Serilog and log4net are two very popular choices for logging messages from .NET applications. In this post, I’ll show you how to configure and use each framework as well as list the advantages and disadvantages of each framework. I even dare to recommend you use one of the frameworks :)

Let’s start with a bit of information about each framework.


This is the third part in the series named “Debugging common .NET exceptions”. Today, I want to help you track down and fix a very common and very well known exception, System.IO.FileNotFoundException. Admitted! In all instances, this error is caused by trying to access a file that isn't there. But, there are actually multiple scenarios that can trigger this exception. You may think you know everything there is to know about this exception, but I bet there is something left for you to learn. At least I did while digging down into the details for this post. …

Serilog is often referred to as the new logging framework on the .NET platform, while NLog is considered “the old one” (together with log4net). With Serilog introduced back in 2013 and NLog in 2006, they both have a long history and a great community around them. I have worked with both logging frameworks and in this post, I will try to give you an overview of each framework, the differences, and some recommendations to look for when choosing a logging framework.

Let’s start with a bit of information about each framework.


In my previous post, Individual developer settings in ASP.NET Core, I showed you how to create per-developer settings using Windows environment variables. While environment variables are both fast to produce and script friendly, there is a better approach available in ASP.NET Core called User Secrets.

Unlike environment variables, user secrets are placed in a settings file similar to appsettings.json. Having similar structured off-project settings is great when you need to copy keys and values between files and there is support for adding, removing and listing values as I will show you later in this post.

To understand user secrets, let’s…

Welcome to the second part in the series about debugging common .NET exceptions. The first part can be found here: Debugging: System.Net.WebException — The remote name could not be resolved. The series is my attempt to demystify common exceptions as well as to provide actual help fixing each exception.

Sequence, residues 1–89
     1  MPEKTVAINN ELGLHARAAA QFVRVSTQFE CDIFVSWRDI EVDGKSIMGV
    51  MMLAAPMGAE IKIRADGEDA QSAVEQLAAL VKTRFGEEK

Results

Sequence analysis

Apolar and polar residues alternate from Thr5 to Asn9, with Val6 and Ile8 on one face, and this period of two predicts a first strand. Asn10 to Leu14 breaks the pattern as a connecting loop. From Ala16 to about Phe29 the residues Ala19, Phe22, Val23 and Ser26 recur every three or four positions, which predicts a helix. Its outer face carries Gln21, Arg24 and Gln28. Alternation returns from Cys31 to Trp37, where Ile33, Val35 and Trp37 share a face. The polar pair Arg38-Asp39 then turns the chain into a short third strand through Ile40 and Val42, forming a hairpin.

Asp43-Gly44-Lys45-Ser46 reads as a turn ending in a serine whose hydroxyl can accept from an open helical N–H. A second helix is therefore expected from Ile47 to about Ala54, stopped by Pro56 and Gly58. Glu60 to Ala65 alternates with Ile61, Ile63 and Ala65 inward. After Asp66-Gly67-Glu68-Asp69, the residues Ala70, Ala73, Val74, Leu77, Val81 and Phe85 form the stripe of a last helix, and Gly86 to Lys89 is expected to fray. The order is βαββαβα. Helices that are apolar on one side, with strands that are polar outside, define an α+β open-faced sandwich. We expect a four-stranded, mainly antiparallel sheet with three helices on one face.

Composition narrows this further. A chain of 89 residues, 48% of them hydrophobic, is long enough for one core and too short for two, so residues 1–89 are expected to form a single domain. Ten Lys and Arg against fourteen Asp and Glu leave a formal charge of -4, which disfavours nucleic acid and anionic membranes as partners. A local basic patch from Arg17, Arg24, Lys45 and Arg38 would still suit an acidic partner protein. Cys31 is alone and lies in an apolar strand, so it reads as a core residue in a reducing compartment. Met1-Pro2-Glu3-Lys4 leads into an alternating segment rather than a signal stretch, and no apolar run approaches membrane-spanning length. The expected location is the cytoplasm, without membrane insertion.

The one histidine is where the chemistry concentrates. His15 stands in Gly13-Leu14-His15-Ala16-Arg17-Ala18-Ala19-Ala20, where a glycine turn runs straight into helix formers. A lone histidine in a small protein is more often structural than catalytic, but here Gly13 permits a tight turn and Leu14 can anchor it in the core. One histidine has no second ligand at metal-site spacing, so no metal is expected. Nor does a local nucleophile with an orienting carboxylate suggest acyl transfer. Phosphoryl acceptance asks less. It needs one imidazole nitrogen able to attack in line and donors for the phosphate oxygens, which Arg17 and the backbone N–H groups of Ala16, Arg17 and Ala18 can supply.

In this post, I take a look at one of the more tricky exceptions to fix: System.OutOfMemoryException. As the name suggests, the exception is thrown when a .NET application runs out of memory. There are a lot of blog posts out there, trying to explain why this exception occurs, but most…

So, you started using ASP.NET Core and love the new hierarchical JSON-based settings. But now you realize that you need individual settings per developer on your team. In this post, I will show you the best way to achieve just that.

Let’s start by looking at settings in ASP.NET Core. You may remember <AppSettings> from .NET Full, and luckily, ASP.NET Core (and .NET Core) have a similar construct. In short, you create a new file named appsettings.json and start adding application settings as JSON properties. For the full picture, check out this blog post: AppSettings in ASP.NET Core.

A valid…

This is an extract from my eBook .NET Web Application Logging Essentials. To get your hands on the entire thing, head over to the blog and sign up for the newsletter.

Application Logging

We’ve compiled a list of logging frameworks for .NET. There’s a great deal of options out there, but a lot of them are no longer maintained. The list provided in this section contains the popular choices. Different frameworks support different features, however all frameworks contain a similar API for storing new log messages. Before we start digging into each framework, let’s discuss some common features and terms.

Logging API


How many conferences do you attend each year? Probably not more that one. While great fun, attending conferences is often time-consuming and just the fact that you are not coding scares some bosses away. Luckily, most conferences tape sessions and make them publicly available a month or two after the conference. This is a list of my favorite .NET, C# or Azure related talks that I’ve either experienced live or got recommended by friends.

Solving Diabetes with Open Source Software & Hardware — Scott Hanselman

Scott talks about his personal experiences with technologies related to diabetes (being a diabetic himself). It experienced one of the best iterations on GOTO back in…

ASP.NET Core 2.2 introduces a range of new features. One of the more interesting (IMO) is Health Checks. You may use tools like Pingdom or Uptime Monitoring to ping your website in a specified interval. Pinging a single HTML page may or may not reveal if your application is healthy or not. Health Checks to the rescue! Before trying out the code yourself, make sure to install the recent version of ASP.NET Core 2.2 and Visual Studio 2017. The behavior of health checks has changed from preview to preview.

When developing a new service, I typically define a custom…

Today, I’m happy to share some huge news. is no longer limited to logging errors from your server. We now also support client-side logging through the recent addition, simply named With, JavaScript errors happening right there in the users’ browser, are logged to alongside all of your server-side errors.

As always, we do most of the work for you when needing to install and configure With our focus on the .NET platform, we can make sure that our client-side experience matches the already high standard you know from our server-side integrations. can be installed…

Thomas Ardal

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